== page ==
Bass, Berry & Sims attorney Chris Lazarini reviewed a court decision dismissing a putative class action for lack of Article III standing. To qualify as a “case” or “controversy,” the plaintiff must establish that it suffered an injury-in-fact fairly traceable to defendant’s conduct and likely to be redressed by the court’s ruling. Since the plaintiffs did not meet this criteria and standing did not exist when the case was originally filed, the case was dismissed.
Chris provided the analysis for Securities Online Litigation Alert (SOLA). The full text of the analysis is below and used with permission from the publication.
Sonterra Capital Master Fund, Ltd. vs. Credit Suisse Group AG, No. 15-CV-871 (S.D. N.Y., 9/16/19)
*Article III of the United States Constitution limits federal courts’ jurisdiction to resolving “cases” and “controversies.”
**To qualify as a “case” or “controversy,” a plaintiff must establish that it has suffered an injury-in-fact fairly traceable to defendant’s conduct and likely to be redressed by the court’s ruling.
***Standing must exist when the case is filed.
The Court dismisses this putative class action for lack of Article III standing and tells Plaintiffs any effort to amend would be futile. Sonterra, an investment fund, initially filed this case against several banks for their participation in an alleged scheme to fix the prices of derivatives based on the Swiss franc London InterBank Offered Rate, a daily interest rate benchmark reflecting the cost at which banks can borrow Swiss francs. Sonterra later filed its first amended complaint (“FAC”) through which it was joined by several other Plaintiffs. The district court dismissed the matter, but allowed Plaintiffs the opportunity to cure. In response, and joined by CalSTRS (the California State Teachers’ Retirement System) and others, Plaintiffs filed their second amended complaint (“SAC”). In the SAC, Plaintiffs disclosed Sonterra and other Plaintiffs that joined in the FAC had been dissolved, but had assigned their interests in the claims to a third party (“FLH”). Defendants moved to dismiss, arguing Plaintiffs lacked standing under Article III and the Court lacked subject matter jurisdiction under FRCP 12(b)(1).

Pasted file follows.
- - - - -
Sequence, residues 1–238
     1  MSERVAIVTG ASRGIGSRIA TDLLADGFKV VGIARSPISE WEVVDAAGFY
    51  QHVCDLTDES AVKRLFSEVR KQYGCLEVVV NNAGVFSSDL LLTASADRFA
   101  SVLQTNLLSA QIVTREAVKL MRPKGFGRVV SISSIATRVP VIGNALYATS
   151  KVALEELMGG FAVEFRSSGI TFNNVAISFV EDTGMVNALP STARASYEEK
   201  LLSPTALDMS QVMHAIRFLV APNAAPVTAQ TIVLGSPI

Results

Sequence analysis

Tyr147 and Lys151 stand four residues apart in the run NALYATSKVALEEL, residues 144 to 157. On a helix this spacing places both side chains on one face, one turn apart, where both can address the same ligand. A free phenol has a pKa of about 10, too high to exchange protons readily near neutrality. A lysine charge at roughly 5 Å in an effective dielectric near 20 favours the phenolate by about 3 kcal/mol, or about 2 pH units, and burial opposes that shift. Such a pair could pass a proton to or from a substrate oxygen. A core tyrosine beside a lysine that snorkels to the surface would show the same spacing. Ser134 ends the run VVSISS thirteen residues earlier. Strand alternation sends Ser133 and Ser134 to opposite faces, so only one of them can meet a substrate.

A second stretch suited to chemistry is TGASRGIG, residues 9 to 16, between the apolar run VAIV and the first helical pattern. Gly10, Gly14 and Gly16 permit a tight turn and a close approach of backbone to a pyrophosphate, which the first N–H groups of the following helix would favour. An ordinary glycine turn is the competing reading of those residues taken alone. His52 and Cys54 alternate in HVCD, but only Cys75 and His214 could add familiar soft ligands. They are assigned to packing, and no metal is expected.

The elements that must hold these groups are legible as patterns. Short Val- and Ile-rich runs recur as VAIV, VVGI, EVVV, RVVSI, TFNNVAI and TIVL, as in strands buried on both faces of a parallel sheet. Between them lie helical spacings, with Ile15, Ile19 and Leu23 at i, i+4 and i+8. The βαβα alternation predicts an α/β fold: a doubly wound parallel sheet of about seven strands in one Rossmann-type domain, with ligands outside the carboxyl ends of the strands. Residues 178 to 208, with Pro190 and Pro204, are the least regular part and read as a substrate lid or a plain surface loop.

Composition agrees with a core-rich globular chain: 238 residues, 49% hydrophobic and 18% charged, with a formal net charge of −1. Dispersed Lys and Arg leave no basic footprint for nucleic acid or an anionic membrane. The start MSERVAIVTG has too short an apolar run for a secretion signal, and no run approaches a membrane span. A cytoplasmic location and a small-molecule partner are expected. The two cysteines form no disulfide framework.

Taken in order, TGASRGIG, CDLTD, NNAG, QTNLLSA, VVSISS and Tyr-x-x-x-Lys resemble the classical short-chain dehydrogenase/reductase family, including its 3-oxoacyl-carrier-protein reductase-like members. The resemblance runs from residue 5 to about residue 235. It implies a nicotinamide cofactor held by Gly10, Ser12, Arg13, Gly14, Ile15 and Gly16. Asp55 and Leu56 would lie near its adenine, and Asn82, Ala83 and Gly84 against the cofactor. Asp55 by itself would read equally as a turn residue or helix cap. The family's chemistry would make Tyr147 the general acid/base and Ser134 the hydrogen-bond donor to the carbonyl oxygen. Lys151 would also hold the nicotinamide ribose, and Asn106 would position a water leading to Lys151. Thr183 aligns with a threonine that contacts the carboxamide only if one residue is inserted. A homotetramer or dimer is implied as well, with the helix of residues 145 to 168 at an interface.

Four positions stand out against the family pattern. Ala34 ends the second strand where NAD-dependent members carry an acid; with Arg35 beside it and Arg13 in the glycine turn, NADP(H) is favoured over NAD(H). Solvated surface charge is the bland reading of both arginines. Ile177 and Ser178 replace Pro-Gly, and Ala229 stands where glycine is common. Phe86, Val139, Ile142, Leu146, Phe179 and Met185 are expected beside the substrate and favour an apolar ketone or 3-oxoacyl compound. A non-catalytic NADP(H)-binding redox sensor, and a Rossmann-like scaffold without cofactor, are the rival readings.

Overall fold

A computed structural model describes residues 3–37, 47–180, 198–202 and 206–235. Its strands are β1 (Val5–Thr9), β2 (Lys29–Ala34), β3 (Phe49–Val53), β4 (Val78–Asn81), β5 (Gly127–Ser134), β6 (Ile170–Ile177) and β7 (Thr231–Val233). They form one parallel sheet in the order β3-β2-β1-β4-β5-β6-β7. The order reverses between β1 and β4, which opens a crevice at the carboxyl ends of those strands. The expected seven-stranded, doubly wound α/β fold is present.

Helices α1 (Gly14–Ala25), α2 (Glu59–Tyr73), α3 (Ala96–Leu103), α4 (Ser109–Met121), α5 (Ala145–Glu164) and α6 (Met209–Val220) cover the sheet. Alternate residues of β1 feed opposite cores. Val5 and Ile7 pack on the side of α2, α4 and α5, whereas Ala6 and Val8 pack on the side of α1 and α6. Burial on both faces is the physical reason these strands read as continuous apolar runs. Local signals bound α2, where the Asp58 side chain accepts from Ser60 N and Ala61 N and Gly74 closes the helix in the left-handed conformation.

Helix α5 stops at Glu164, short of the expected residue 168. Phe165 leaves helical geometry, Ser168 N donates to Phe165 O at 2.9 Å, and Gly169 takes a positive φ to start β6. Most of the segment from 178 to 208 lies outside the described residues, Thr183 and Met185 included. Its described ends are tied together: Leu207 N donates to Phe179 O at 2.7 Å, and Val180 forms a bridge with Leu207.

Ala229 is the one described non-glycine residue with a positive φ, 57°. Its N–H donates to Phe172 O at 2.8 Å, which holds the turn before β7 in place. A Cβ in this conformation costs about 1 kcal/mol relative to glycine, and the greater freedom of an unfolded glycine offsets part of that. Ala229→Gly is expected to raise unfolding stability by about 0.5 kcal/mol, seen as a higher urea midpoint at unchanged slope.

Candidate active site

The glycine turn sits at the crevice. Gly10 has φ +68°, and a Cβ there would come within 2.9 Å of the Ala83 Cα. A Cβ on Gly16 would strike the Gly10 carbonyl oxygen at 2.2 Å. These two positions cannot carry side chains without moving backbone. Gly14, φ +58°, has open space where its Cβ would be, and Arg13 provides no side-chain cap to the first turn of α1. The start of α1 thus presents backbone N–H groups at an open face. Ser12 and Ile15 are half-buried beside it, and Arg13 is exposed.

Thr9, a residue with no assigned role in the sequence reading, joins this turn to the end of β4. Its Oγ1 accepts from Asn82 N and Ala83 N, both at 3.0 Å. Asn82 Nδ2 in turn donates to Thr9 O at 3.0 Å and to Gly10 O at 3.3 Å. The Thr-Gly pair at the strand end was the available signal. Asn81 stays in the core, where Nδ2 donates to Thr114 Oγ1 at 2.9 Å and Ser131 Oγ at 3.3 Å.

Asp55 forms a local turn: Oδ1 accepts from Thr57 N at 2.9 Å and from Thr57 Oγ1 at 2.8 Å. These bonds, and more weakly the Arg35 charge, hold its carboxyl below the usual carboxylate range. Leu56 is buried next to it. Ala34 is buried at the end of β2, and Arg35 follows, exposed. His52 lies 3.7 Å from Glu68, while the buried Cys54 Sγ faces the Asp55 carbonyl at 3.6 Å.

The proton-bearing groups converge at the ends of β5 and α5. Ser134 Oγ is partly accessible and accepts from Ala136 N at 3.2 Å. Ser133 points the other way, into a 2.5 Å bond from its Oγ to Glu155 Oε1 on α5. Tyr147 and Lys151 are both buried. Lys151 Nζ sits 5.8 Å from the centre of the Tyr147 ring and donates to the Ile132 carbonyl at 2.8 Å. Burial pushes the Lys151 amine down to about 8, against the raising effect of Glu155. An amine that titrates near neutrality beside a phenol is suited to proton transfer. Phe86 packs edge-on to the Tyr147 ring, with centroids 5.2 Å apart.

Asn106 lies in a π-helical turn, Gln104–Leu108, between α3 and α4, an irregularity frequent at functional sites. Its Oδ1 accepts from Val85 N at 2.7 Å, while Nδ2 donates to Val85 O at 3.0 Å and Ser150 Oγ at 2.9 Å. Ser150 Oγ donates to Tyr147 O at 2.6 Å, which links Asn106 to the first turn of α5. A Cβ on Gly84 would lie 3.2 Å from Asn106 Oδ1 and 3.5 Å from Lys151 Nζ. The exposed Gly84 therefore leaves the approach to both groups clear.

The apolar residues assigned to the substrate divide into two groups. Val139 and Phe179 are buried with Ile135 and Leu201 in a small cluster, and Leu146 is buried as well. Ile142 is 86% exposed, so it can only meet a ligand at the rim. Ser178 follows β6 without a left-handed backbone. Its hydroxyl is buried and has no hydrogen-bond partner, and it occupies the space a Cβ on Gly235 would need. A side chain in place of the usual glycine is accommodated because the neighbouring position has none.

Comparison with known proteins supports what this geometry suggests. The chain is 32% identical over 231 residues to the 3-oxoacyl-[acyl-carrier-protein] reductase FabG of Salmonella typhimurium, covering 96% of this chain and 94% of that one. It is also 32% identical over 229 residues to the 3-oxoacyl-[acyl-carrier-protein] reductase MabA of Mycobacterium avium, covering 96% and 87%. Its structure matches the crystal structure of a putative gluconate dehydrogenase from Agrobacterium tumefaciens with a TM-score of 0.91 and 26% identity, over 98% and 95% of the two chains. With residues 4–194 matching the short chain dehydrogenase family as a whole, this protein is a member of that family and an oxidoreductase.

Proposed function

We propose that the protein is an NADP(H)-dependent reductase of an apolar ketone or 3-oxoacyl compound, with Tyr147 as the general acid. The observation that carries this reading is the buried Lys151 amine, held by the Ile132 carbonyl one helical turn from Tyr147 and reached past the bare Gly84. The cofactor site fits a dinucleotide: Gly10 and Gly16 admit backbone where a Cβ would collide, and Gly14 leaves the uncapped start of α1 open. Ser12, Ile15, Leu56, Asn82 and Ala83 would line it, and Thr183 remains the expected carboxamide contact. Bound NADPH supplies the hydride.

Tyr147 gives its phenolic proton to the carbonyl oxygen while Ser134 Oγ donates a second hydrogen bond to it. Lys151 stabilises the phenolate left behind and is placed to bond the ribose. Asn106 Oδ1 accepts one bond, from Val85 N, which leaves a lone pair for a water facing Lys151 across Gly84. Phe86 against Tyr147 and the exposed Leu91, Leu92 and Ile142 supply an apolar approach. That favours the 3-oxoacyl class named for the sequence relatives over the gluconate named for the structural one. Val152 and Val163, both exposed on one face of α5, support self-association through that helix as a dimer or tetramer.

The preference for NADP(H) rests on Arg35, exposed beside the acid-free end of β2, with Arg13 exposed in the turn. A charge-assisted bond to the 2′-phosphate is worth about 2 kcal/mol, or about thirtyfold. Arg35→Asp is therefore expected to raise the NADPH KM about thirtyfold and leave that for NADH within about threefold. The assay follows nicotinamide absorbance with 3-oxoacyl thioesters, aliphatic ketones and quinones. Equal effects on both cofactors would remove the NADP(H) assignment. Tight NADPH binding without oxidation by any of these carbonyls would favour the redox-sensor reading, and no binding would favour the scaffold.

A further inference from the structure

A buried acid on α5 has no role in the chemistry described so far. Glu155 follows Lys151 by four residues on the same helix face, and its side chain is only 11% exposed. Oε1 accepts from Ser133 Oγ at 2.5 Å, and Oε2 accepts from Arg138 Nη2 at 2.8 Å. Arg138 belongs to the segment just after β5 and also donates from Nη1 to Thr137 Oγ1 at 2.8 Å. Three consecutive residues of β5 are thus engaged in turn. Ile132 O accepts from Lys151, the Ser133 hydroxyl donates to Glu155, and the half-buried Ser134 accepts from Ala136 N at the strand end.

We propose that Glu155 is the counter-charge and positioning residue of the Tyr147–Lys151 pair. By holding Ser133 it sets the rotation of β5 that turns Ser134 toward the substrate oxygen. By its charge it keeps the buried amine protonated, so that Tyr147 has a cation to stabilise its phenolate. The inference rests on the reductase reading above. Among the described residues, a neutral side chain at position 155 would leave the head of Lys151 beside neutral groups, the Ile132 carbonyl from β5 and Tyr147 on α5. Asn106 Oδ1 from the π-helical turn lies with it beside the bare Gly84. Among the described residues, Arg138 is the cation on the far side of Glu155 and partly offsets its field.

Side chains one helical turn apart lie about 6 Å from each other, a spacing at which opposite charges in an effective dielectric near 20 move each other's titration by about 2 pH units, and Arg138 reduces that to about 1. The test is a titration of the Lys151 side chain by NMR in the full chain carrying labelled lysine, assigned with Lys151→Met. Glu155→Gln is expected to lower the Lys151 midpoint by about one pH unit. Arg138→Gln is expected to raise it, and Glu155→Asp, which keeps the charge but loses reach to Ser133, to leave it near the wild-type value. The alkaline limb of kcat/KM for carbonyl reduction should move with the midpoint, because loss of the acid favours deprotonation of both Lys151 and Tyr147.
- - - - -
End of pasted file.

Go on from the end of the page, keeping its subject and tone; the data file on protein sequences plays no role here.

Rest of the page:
Granting the motion, the Court first finds Sonterra and the other Plaintiffs who joined in the FAC did not have Article III standing to sue because they had been dissolved. The Court rejects Plaintiffs’ argument that FLH brought the case in their names. The Court notes the original complaint and FAC described Plaintiffs in the present tense and never mentioned FLH, and the SAC, which referenced FLH, did not allege that FLH was suing in the name of the dissolved entities.
Next, the Court examines whether FLH could be substituted into the action to pursue the purportedly assigned claims. While substitution is liberally allowed, the Court finds it cannot be done in this case because Sonterra did not have standing when the original complaint was filed. Without standing at the outset, the Court states, Sonterra’s original filing was a nullity which FLH’s substitution could not cure. For the same reason, the Court finds the joinder of CalSTRS and others with Article III standing does not create subject matter jurisdiction where it originally did not exist.
Finally, the Court signals to CalSTRS and the other existing Plaintiffs that yet another amendment would be futile on timeliness ground. The Court states the relation back doctrine would not apply; the original case being a nullity means there is nothing to relate back to. Further, the Court states, a new filing by those Plaintiffs would not be protected by American Pipe tolling, because tolling cannot be used to revive an action over which jurisdiction never attached.